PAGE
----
Grant to fund demo of old Blackville school
The Town of Blackville reinstalled three council members and then got an early Christmas gift in the form of a Community Development Block Grant.
Council members Steven Jowers, Alan Harrison and Fred Orr each took the oath of office administered by Mayor Michael Beasley during the Nov. 20 meeting held at the Blackville Community Center.
Jowers, Harrison and Orr were unopposed in their bid for re-election for four-year terms on council.
Following the ceremonies Beasley announced the town has been approved for a $226,655 grant from the South Carolina Department of Commerce. The money will be used to demolish the former Blackville Middle School.
“I’m ecstatic we’ve received this grant,” said Beasley. “Many residents agree (the old building) is an eyesore. The town and the schools could not do it but, with the grant, it will be a reality.”
The former school building is located just in front of the current Blackville-Hilda High School. The structure has been vacant for years and demolition plans have been hindered by the cost of asbestos removal.
Beasley said once the building is removed, the grant includes funding for landscaping. “It has to be a green space for at least five years before it can be redeveloped,” he said. “I think it will be a great area for development of a park.”
Beasley noted that buildings next to the post office have been demolished and “grass is greening up now.”
“We want to continue doing these types of projects,” he said.
Councilman Fred Orr said in response to some questions about the code enforcement that these projects could lead to economic development. “When prospects see dilapidated buildings, they keep driving,” he said. “If they see them being torn down and green space, they may consider Blackville for new business.
“It is a process that will take longer than some think it should be, but we are on the right track,” he said.
Beasley said the second of the town’s 1 percent capital sales tax projects is $500,000 for demolition of dilapidated properties.
Additionally, there are plans to hire a code enforcement officer to handle the paperwork and process necessary to force property owners to either clean up their properties or be billed by the town for clean-up. Currently the police department is handling code enforcement but the council indicated that the job really needs to be handled separately.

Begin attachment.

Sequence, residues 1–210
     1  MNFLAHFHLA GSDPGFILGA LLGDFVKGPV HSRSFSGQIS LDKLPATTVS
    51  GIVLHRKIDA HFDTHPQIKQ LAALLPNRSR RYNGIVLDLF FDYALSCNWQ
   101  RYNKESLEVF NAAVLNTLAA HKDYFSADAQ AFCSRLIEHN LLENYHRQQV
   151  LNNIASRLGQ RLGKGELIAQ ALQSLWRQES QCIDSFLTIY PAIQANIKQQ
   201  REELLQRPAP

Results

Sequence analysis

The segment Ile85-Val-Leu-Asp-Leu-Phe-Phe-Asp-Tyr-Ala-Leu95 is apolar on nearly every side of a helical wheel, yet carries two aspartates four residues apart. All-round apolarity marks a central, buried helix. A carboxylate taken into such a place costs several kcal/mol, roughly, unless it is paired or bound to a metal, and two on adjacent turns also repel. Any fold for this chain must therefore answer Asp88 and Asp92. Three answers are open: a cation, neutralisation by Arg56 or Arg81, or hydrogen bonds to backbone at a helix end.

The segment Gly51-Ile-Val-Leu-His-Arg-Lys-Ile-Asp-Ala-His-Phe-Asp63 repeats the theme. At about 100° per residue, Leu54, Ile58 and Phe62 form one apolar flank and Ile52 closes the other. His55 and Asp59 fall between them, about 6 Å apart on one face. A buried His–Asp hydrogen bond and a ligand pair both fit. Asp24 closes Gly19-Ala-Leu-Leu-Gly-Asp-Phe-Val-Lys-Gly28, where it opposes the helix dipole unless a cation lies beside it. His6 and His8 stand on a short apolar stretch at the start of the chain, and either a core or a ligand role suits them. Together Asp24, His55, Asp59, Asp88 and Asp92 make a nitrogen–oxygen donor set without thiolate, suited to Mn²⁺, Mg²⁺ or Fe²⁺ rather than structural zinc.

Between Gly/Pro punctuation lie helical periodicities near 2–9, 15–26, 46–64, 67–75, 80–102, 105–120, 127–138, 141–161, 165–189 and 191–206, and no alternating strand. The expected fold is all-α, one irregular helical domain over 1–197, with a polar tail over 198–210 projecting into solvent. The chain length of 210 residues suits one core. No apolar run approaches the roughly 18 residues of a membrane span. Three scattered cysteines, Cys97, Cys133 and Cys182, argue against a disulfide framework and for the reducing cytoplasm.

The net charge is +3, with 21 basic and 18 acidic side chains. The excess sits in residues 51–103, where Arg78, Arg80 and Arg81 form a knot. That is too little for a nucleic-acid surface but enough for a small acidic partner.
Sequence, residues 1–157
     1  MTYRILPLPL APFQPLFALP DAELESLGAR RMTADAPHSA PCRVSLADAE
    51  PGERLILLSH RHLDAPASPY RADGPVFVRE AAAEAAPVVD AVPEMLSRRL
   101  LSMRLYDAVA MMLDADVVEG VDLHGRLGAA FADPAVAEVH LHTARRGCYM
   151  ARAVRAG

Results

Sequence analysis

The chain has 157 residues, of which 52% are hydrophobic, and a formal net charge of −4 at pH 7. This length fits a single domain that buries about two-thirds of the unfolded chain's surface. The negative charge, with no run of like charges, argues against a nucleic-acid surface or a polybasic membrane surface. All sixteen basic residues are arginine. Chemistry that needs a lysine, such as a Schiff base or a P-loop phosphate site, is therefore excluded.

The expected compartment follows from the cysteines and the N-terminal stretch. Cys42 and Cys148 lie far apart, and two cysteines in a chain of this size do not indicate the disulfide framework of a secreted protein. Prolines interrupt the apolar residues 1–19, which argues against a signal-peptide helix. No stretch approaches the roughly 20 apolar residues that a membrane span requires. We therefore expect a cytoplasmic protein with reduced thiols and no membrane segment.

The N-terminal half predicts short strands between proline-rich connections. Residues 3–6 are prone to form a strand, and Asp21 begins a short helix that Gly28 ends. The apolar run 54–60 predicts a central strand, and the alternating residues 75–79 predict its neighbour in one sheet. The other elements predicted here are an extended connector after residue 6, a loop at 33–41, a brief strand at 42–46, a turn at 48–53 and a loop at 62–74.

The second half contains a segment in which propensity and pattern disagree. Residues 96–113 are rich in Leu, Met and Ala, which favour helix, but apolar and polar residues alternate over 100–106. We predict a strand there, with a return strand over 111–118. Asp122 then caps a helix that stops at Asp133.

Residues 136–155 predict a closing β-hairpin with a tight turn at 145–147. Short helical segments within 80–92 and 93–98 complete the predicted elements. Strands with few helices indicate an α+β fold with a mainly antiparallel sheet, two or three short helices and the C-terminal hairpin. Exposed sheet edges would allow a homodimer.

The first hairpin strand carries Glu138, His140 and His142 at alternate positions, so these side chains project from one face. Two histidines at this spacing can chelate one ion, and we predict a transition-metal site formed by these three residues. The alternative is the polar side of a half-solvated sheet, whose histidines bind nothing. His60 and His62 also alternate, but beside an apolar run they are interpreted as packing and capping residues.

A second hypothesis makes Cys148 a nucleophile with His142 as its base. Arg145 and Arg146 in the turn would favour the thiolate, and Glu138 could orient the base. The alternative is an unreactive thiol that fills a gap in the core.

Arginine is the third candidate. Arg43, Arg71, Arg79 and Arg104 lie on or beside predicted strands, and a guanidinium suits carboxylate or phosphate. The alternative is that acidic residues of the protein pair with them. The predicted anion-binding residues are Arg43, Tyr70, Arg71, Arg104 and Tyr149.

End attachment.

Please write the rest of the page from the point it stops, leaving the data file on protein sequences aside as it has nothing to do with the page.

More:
The Blackville Music and Arts Festival committee made two presentations during the meeting.
Terrance Washington presented Councilman Alan Harrison with a $100 check for the recreation department in recognition of his support for the festival and the recreation department.
He then presented Mayor Beasley with two paintings for his support of the Music and Arts Festival.
In other business the council:
• Approved $25 gift cards for each of the 13 volunteer coaches of the Recreation Department. Mayor Beasley said it is coming out of the Recreation Department budget and within their means.
• Was reminded of a Solarize South Carolina community meeting on Thursday, Nov. 30 at 6 p.m. The community is invited to attend the presentation at the Blackville Community Center. The presentation is to include discussion of landowners providing property for development of solar farms.
• Noted the Town of Blackville’s Christmas parade is at 11 a.m. on Dec. 9, and the Tree Lighting/Soup & Singing is Dec. 10 at 5 p.m.
• Learned that the Community Development Corporation is holding a fundraising “Holiday Gala” event at Barnwell State Park on Dec. 1 at 7 p.m.
• Learned that the next Community Watch meeting will be to attend the Barnwell County Council meeting on Tuesday, Dec. 12.
• The mayor and each council person thanked those in attendance for participating in the council meeting.